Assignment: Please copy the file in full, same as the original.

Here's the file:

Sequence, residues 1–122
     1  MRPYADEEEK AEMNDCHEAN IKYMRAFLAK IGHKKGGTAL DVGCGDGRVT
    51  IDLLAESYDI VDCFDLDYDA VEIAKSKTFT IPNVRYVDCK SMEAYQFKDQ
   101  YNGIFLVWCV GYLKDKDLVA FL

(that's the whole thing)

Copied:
Sequence, residues 1–122
     1  MRPYADEEEK AEMNDCHEAN IKYMRAFLAK IGHKKGGTAL DVGCGDGRVT
    51  IDLLAESYDI VDCFDLDYDA VEIAKSKTFT IPNVRYVDCK SMEAYQFKDQ
   101  YNGIFLVWCV GYLKDKDLVA FL